valve member is abnormally operated toward the first position.


 2.  The ink cartridge according to claim 1, wherein the disengagement preventer includes at least one of a limiter which limits the displacement of the valve member before the valve member disengages from the engaging portion, and an inclination
restrictor which restricts inclination of the valve member with respect to a normal direction in which the valve member is expected to move by being pushed.


 3.  The ink cartridge according to claim 2, wherein the disengagement preventer includes the limiter, and the limiter includes an indirect contact portion which is brought into contact with the valve member via the biasing member so as to
inhibit the valve member from being displaced to such an amount that the valve member is disengaged from the engaging portion.


 4.  The ink cartridge according to claim 3, further comprising a cylindrical wall which defines the communication chamber inside thereof and includes a shoulder surface extending in a direction intersecting with the normal direction in which the
valve member is expected to move, the shoulder surface constituting the indirect contact portion.


 5.  The ink cartridge according to claim 3, further comprising a cylindrical wall which defines the communication chamber inside thereof, and a plurality of ribs extending from an inner surface of the cylindrical wall into the communication
chamber, each of the ribs having a lower end surface extending in a direction intersecting with a direction of the displacement of the valve member, and the lower end surfaces of the ribs constituting the indirect contact portion.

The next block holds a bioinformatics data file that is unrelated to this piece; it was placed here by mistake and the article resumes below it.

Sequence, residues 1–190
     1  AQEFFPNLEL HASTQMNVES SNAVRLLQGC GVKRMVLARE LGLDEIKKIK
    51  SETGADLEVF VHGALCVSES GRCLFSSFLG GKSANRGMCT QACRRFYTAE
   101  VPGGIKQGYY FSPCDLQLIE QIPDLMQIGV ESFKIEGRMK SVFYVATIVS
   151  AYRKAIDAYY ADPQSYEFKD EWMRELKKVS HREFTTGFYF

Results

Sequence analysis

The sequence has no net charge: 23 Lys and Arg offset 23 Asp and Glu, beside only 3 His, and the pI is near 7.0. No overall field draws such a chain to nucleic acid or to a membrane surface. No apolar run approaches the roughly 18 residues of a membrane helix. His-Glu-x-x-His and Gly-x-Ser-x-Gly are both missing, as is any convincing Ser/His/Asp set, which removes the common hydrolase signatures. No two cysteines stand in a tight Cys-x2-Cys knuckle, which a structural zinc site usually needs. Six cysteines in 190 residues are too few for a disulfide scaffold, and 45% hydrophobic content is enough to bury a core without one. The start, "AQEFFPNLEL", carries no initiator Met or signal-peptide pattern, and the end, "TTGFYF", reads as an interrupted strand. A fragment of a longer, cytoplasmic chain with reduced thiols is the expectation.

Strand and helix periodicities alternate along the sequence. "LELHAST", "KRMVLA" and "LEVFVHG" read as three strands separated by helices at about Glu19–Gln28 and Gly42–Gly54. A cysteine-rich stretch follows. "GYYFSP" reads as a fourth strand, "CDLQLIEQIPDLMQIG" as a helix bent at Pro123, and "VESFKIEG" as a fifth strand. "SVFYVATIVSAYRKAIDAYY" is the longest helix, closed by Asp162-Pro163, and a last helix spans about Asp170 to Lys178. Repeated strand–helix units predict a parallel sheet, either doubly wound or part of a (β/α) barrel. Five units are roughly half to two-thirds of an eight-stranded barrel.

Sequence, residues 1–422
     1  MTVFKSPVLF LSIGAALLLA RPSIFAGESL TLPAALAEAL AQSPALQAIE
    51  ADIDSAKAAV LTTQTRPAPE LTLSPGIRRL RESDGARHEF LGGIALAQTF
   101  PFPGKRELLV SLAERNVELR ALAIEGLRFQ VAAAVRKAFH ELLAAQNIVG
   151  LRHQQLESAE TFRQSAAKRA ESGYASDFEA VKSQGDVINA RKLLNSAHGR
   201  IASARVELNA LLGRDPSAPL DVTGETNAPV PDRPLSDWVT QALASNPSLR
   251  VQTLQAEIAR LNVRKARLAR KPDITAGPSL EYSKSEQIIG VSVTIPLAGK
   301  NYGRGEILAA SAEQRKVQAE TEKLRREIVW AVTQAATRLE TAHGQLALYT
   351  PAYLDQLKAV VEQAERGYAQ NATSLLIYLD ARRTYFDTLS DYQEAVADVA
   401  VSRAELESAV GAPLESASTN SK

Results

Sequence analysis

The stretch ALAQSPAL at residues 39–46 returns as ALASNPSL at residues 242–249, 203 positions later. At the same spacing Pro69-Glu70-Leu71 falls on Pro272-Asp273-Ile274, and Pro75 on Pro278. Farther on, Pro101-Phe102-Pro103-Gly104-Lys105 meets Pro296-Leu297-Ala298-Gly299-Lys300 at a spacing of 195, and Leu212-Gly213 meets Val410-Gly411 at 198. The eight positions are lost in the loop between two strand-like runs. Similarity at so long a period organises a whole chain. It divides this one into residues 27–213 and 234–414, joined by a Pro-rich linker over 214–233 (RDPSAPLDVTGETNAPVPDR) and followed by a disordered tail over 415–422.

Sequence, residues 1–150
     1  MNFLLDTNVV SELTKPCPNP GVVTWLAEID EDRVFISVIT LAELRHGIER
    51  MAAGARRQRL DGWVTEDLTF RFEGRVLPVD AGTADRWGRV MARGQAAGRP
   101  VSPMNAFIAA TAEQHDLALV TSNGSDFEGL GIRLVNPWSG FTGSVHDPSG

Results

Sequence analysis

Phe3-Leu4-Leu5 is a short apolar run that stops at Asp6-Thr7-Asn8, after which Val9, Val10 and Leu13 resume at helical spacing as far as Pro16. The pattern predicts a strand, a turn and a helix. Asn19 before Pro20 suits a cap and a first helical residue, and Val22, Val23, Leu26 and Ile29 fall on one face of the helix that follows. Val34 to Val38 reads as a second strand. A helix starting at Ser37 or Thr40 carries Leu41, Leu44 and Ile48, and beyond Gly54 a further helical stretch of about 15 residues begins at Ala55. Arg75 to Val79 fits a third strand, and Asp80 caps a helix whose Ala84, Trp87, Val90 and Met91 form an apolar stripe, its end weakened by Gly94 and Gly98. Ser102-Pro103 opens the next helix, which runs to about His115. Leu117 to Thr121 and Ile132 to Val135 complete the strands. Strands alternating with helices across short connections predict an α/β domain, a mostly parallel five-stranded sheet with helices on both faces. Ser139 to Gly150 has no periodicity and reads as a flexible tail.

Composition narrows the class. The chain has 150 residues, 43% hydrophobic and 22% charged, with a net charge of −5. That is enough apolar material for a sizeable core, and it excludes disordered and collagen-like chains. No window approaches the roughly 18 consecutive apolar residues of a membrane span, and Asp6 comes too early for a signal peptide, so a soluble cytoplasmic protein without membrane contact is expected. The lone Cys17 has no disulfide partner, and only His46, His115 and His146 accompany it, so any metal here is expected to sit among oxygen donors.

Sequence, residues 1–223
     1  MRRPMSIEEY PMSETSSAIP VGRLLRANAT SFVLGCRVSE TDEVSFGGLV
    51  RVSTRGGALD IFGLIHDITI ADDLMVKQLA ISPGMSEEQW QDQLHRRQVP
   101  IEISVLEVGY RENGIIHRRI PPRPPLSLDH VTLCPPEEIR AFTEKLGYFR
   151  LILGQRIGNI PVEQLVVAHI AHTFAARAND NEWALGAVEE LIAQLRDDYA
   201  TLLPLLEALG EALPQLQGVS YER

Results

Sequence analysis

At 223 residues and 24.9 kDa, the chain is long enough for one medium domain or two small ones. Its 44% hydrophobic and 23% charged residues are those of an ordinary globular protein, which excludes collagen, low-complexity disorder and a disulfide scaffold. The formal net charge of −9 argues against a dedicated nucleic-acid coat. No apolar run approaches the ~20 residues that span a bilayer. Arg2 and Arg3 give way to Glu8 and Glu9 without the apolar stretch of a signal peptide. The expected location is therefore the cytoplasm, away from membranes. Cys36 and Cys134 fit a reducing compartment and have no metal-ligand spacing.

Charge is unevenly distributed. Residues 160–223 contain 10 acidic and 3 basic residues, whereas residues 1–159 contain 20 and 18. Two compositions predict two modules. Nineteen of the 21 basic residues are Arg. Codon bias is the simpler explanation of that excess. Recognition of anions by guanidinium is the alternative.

6.  The ink cartridge according to claim 3, wherein: the biasing member further comprises a valve chamber defined by (a) a valve seat portion as the valve seat;  (b) the engaging portion having an opening having a diameter smaller than that of
the valve member;  and (c) the side wall portion, the valve chamber accommodating the valve member and being communicated with the exterior of the valve chamber only at the valve hole and the opening;  and a distance between the engaging portion and the
indirect contact portion in the normal direction when a force is not imposed on the biasing member is smaller than a dimension of the valve member in the normal direction.


 7.  The ink cartridge according to claim 2, wherein the disengagement preventer includes the limiter, and the limiter includes a direct contact portion which is brought into direct contact with the valve member so as to inhibit the valve member
from being displaced to such an amount that the valve member is disengaged from the engaging portion.


 8.  The ink cartridge according to claim 7, further comprising a cylindrical wall which defines the communication chamber inside thereof, and a bridge extending across opposing portions of an inner surface of the cylindrical wall, the direct
contact portion extending from a middle portion of the bridge in a direction parallel to the normal direction.


 9.  The ink cartridge according to claim 2, wherein the disengagement preventer includes the inclination restrictor, and the inclination restrictor includes a guide device including (a) a guide bar extending from the valve member in a direction
parallel to the normal direction in which the valve member is expected to move, and (b) a guiding portion which engages the guide bar in sliding contact to guide the guide bar in a direction parallel to the normal direction.


 10.  The ink cartridge according to claim 9, further comprising a cylindrical wall which defines the communication chamber inside thereof, and at least three ribs each extending from an inner surface of the cylindrical wall into the
communication chamber, an end surface of each of the ribs which surface is opposite to the cylindrical wall engaging the guide bar in sliding contact, and functioning as the guiding portion.